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9 Ways You’re Wasting Money On Food

In the face of rising food prices projected by the U.S. Department of Agriculture, it’s more crucial than ever to be mindful of your grocery spending. Laura Poland, RDN, owner of Dietitian in Your Kitchen, suggests that being savvy with your choices can keep your home costs under control. Discover nine ways you may unknowingly be wasting money on food, and how a little planning can help you eat well without breaking the bank.

Stop wasting money on food
Ways to save money
  1. Embrace Meal Prep for Savings: Cooking at home is a substantial money-saver, with the USDA predicting higher prices for food-away-from-home in 2023. Studies reveal that those who cook most nights spend an average of $57 less monthly. Meal planning not only saves money but also improves diet quality, cutting down on impulse buys. Explore our meal planning guide for more insights.
  2. Shop Smart by Checking Your Pantry: Regularly inventorying your pantry and fridge can prevent unnecessary food waste and save money. Avoid buying duplicates by creating a grocery list based on what you already have. Consider a designated “clean-out-the-pantry” day to get creative with your meals.
  3. Keep Greens Fresh: Extend the freshness of delicate greens by lining storage containers with paper towels to absorb moisture. For heartier greens, like kale and collards, opt for premade salad kits with longer shelf lives. Don’t let greens go to waste – turn them into pesto or freeze them for later use.
  4. Transform Scraps into Flavorful Broth: Don’t discard vegetable scraps; transform them into homemade broth. Freeze trimmings like leek tops and onion skins in a zip-top bag. Use the broth in soups, chili, and sauces to add flavor and save money on store-bought alternatives.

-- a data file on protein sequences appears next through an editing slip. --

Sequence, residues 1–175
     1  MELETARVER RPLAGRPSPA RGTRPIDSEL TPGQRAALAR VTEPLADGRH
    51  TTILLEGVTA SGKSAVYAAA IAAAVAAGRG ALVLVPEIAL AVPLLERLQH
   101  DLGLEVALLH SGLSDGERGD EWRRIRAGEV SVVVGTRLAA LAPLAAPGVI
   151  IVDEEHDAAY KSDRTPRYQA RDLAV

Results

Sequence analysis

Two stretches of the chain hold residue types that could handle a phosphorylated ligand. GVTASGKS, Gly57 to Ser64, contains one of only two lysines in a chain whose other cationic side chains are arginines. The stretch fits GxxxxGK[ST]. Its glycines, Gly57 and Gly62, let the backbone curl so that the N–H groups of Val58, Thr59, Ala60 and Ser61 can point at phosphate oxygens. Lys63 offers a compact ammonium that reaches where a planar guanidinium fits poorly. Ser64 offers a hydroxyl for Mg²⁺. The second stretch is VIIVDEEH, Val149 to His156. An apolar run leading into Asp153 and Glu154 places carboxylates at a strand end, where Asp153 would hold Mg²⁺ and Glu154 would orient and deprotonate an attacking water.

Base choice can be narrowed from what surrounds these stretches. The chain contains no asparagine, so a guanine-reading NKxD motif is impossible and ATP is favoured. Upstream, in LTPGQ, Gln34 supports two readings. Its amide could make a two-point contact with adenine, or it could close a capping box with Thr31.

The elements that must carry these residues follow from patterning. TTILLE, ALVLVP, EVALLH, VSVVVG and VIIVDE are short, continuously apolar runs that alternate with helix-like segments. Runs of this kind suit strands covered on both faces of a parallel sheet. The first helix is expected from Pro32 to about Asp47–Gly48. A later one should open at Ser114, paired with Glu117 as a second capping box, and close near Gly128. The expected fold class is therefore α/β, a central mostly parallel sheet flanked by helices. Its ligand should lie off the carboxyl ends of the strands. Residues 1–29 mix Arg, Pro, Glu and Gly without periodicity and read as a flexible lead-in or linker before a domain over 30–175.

5. Opt for Plant-Based Proteins: Shifting to a plant-based diet can be cost-effective and beneficial for health. Plant-based proteins like lentils and tofu are more budget-friendly than animal proteins. Explore whole, minimally processed foods for optimal savings and health benefits.
  6. Embrace the Microwave for Energy Efficiency: Save money on energy bills by using the microwave, which is more efficient than conventional ovens. From toasting nuts to steaming fish and veggies, the microwave is a versatile and energy-saving kitchen tool.
  7. Ignore Strict Use-By Dates: Challenge the notion of strict use-by dates imposed by manufacturers. Unless food shows signs of spoilage, it’s likely safe to eat beyond these dates. Freeze items nearing expiration to extend their shelf life, consulting the FDA guide for freezing recommendations.
  8. Ditch Disposables for Reusables: Reduce kitchen waste and expenses by switching from disposable to reusable items. Brands like Stasher bags and Abeego beeswax wraps offer eco-friendly alternatives that save money in the long run.
  9. DIY Kitchen Staples: Experiment with making kitchen staples from scratch to cut costs. Items like bread, granola, and pasta sauce are surprisingly easy to make at home. Challenge your coffee shop habit by brewing your own coffee for significant savings.

Conclusion: Being mindful of your food choices and adopting these money-saving practices can make a significant impact on your grocery bill and your health. Smart planning, efficient kitchen practices, and a focus on sustainability can help you eat well without overspending.

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